ROME (Reuters) - A U.N. world food summit next week is likely to make little headway in the fight against hunger, with leaders simply pledging to boost agricultural aid to poor countries but setting no targets or deadlines for action.
With more than one billion people going hungry, the U.N. Food and Agriculture Organisation had called the November 16-18 summit in Rome hoping to win a clear pledge by world leaders to spend $44 billion a year to help poor nations feed themselves.
But a final draft declaration seen by Reuters includes only a general commitment to pump more money into agricultural development, and makes no mention of a proposal to eliminate hunger by 2025.
"We commit to take action towards sustainably eradicating hunger at the earliest possible date," said the draft of the declaration, to be adopted on the first day of the Rome summit barring last-minute amendments.
Aid groups said the summit, which few if any G8 leaders are expected to attend, already looked like a missed opportunity.
"The declaration is just a rehash of old platitudes," said Francisco Sarmento, ActionAid's food rights coordinator.
France said the draft was insufficient and vowed to push for firmer pledges on finance and regulation of global agricultural markets.
"The draft final declaration of the summit...is a draft that still needs to be improved," said Farm Minister Bruno Le Maire, who will be representing France at the summit.
Food shortages and malnutrition rose to the top of the political agenda since a spike in food prices last year sparked riots in around 60 countries and hoarding. The food scare also prompted some richer food importers like Saudi Arabia to snap up farmland in developing agricultural countries.
A G8 summit in July pledged $20 billion over three years to help farmers in poor nations, in a major policy shift away from emergency food rations and towards longer term strategies.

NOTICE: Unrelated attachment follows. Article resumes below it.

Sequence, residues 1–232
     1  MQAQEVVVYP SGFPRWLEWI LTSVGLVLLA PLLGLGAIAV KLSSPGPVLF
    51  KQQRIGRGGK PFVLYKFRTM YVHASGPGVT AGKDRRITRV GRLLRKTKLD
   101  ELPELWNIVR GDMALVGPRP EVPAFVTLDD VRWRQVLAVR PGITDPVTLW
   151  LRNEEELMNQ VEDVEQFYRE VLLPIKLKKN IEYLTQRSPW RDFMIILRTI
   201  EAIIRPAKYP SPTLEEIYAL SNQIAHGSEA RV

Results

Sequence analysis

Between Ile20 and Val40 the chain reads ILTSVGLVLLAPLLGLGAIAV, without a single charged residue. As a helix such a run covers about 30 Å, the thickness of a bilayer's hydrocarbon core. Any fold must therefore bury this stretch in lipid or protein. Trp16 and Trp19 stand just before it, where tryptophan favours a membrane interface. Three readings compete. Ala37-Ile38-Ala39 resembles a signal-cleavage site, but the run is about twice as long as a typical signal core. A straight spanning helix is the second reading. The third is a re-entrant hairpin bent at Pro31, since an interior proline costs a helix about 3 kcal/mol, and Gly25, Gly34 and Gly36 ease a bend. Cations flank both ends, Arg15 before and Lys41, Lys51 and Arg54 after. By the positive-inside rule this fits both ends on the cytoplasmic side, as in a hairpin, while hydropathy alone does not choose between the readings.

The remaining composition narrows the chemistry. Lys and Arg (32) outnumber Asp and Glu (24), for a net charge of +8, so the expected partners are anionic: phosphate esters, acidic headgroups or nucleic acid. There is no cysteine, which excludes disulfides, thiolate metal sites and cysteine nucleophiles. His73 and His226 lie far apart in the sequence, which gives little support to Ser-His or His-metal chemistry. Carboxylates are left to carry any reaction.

FAO had hoped to keep the momentum going and that leaders would commit to raising the percentage of official aid spent on agriculture to 17 percent -- back to the 1980 level -- from 5 percent now. That would amount to roughly $44 billion annually, instead of the $7.9 billion that is being spent now.
Since last year's record levels, the prices of staple commodities like rice, corn and wheat have fallen.
But in developing countries they are still high and according to several experts new spikes are all but inevitable.
FAO says the number of hungry people this year rose to 1.02 billion people, more than at any other time in history and up 100 million from last year.
A child dies of malnutrition every six seconds despite the fact that the world produces more than enough food for everybody -- cereals crops in 2009 are expected to be the second largest ever, after a record 2008.
"This scourge is not just a moral outrage and economic absurdity, but also represents a threat for our peace and security," FAO Director General Jacques Diouf said this week.
"Hungry people are a serious potential source of conflict and forced migration," Diouf, who is Senegalese, told reporters.
Previous food summits and meetings have been long on rhetoric and short on concrete action, and whatever promises were made have gone largely unfulfilled.
In 2000, world leaders subscribed to the U.N. Millennium Development Goal of halving the number of hungry people by 2015, and next week's summit will reaffirm commitment to that target.
Even U.N. officials acknowledge that aim will not be met anytime soon, with some pointing to mid-2040 at the earliest.
FAO has not released a list of participants, but even its most optimistic estimates indicate than less than one third of the 193 heads of state and government invited will attend.
Crucially, most G8 leaders or even top government officials will skip the summit, although there will be several heads of state from Latin America and Africa.
The United States, the world's biggest food aid donor and a driving force in the fight against hunger under President Barack Obama, is sending the acting head of the U.S. Agency for International Development, whose new boss has just been named.